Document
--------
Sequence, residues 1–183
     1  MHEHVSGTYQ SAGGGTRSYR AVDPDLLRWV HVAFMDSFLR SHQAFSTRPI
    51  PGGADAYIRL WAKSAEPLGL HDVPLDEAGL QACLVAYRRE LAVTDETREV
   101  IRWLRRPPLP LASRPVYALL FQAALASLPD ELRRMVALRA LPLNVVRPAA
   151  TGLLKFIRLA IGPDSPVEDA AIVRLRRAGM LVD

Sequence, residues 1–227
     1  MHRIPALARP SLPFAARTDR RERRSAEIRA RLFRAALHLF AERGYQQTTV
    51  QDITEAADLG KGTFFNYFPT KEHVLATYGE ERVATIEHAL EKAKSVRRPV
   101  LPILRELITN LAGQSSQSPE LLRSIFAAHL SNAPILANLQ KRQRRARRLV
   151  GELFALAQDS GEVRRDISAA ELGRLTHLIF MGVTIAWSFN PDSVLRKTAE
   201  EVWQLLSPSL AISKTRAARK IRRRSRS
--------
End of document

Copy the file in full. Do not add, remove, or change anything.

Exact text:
Sequence, residues 1–183
     1  MHEHVSGTYQ SAGGGTRSYR AVDPDLLRWV HVAFMDSFLR SHQAFSTRPI
    51  PGGADAYIRL WAKSAEPLGL HDVPLDEAGL QACLVAYRRE LAVTDETREV
   101  IRWLRRPPLP LASRPVYALL FQAALASLPD ELRRMVALRA LPLNVVRPAA
   151  TGLLKFIRLA IGPDSPVEDA AIVRLRRAGM LVD

Sequence, residues 1–227
     1  MHRIPALARP SLPFAARTDR RERRSAEIRA RLFRAALHLF AERGYQQTTV
    51  QDITEAADLG KGTFFNYFPT KEHVLATYGE ERVATIEHAL EKAKSVRRPV
   101  LPILRELITN LAGQSSQSPE LLRSIFAAHL SNAPILANLQ KRQRRARRLV
   151  GELFALAQDS GEVRRDISAA ELGRLTHLIF MGVTIAWSFN PDSVLRKTAE
   201  EVWQLLSPSL AISKTRAARK IRRRSRS